Melissa Smallwood is a professional organizer, mother of three boys, mommy blogger, and the owner of the informational website, Organized Life by Design . You can catch up with her on Twitter @multitaskingme.
Decluttering All the Paper – Week 2
Dealing with paper, in general:
Newspapers- If you use the internet, all major newspapers, including many local papers, are available (in their entirety) on line. If you are not computer savvy or prefer to hold the newspaper than be sure to recycle or toss newspapers at least weekly. Piles of old newspapers are untidy and create a fire hazard as well!
Important personal papers- These include your will, birth certificate, social security card, passport, etc. Keeping these in a fireproof box is safest or use a safe deposit box at the bank.
Other files you may have include:
- 401k statements
- Bank statements
- Mortgage statements
- Stock/bond/IRA statements
- Warranties/instruction manuals
- Car information, including car insurance and title
Keep your files organized and accessible according to how often you access them. If you only access certain papers once a year at tax time, then file them in a banker’s box in the attic. Keep files you need on hand in the file cabinet.
If you find yourself with various piles of paper scattered throughout the house, consider a portable file box. When you need to do filing, the place to file the papers will be right there. Easy access makes it more likely that you consistently file what needs to be filed.
How Long To Keep Types of Paper Files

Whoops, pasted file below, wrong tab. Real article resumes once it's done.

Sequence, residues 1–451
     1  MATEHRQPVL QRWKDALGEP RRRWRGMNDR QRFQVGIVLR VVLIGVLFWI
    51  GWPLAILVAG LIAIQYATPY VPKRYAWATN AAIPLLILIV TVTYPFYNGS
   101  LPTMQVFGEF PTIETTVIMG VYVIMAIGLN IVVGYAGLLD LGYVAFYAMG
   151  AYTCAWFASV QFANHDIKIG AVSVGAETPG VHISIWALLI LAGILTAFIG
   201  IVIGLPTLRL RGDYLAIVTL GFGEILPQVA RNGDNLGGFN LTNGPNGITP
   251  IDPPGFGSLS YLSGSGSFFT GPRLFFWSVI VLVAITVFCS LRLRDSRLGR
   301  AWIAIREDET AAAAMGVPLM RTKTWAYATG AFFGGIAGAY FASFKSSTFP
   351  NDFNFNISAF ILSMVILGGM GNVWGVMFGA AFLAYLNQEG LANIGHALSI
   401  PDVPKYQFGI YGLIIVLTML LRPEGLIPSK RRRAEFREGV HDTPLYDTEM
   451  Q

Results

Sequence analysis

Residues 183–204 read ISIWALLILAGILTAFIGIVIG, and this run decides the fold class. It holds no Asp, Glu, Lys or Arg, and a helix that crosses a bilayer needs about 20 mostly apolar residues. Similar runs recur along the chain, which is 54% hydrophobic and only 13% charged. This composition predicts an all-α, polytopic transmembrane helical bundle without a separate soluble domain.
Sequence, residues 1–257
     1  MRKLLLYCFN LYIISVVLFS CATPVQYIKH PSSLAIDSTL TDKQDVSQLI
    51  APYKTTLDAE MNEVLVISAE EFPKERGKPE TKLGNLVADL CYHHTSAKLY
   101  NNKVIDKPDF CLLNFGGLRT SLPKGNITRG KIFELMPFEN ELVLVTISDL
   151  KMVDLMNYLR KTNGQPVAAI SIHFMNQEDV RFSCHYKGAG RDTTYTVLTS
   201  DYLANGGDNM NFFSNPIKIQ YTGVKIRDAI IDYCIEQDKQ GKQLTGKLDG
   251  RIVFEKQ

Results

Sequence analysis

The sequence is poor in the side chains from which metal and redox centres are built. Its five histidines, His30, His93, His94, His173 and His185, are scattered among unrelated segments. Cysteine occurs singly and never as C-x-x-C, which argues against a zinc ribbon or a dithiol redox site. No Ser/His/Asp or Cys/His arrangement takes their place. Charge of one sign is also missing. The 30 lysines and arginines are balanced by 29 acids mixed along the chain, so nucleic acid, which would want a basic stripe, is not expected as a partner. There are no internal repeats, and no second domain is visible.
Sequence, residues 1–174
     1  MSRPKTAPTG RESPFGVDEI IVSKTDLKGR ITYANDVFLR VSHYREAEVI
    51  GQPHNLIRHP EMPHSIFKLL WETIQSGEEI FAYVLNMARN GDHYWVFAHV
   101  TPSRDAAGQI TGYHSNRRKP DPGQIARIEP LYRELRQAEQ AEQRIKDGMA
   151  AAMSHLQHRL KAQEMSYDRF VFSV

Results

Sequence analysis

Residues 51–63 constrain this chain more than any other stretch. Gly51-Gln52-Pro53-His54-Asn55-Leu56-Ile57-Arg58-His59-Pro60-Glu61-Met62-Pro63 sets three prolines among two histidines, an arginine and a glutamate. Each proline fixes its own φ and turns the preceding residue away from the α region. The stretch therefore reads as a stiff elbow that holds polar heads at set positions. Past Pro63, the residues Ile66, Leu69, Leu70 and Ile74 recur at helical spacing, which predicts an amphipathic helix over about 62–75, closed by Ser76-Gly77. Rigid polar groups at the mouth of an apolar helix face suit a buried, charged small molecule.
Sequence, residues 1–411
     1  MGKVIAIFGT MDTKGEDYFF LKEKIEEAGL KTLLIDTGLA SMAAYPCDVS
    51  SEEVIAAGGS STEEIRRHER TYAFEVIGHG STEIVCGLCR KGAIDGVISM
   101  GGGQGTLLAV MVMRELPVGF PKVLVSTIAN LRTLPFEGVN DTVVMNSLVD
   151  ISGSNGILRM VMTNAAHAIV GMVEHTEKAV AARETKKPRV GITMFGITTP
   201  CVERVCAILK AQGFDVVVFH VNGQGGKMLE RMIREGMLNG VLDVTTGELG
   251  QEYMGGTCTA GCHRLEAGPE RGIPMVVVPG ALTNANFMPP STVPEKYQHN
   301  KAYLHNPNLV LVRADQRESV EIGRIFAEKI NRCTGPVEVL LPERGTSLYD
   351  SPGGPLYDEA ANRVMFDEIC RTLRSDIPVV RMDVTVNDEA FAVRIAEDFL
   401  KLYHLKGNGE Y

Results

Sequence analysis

We are often asked by clients how long they should keep various types of paper. These are general guidelines that we use when working with people. But remember, it is always important to check with your accountant or tax advisor about your individual situation before shredding any documents.
- Auto records- Keep these as long as you own the vehicle.
- Appointment books- some people like to keep these as a type of journal, I keep them for a few years as back-up for mileage purposes. Keep them up to 10 years for this type of reason.
- ATM slips- Keep them 6 years for tax related purchases. Store them with your bank statements.
- Credit card statements- 6 years for tax related purchases (such as owning your own business) Otherwise keep until you receive the interest statement issued with by the company annually. Then you can shred them.
- Dividend Payment Records- Until you receive your annual statement.
- Health records- Permanently
- Home improvements- As long as you own the home. Store these with your tax records.
- Household inventory and appraisal- As long as they are current. Update them annually (we will talk more about this next week when we talk about organizing for a transition).
- Insurance policies- Auto, homeowner’s, liability: through the statute of limitations. Disability, medical, life, personal property, umbrella: keep for the life of the policy.
- Investment purchase records- As long as you own the investments.
- Investment sales records- 6 years for tax purposes.
- Mortgage or loan discharge- As long as you own the home or 6 years after the discharge.
- Pay stubs- Until they are verified by your W-2 statement.
- Property bill of purchase- As long as you own the property.
- Receipts- As long as they are current, or as determined by your accountant.
- Safe deposit box key and inventory- As long as they are current.
- Tax records- Current year plus 6 years prior (can be filed away in a bankers box).
- Utility bills, etc.- Until they are paid (your cancelled check is proof you paid and the company keeps records as well).
- Vital Records and documents- Birth, marriage, divorce, death certificates: permanently.
- Wills, trusts, estate plans- Permanently
Catch Organizing with Melissa next Wednesday for “Decluttering All the Paper – Part 3”. Visit Works for Me Wednesday for more life organizing tips.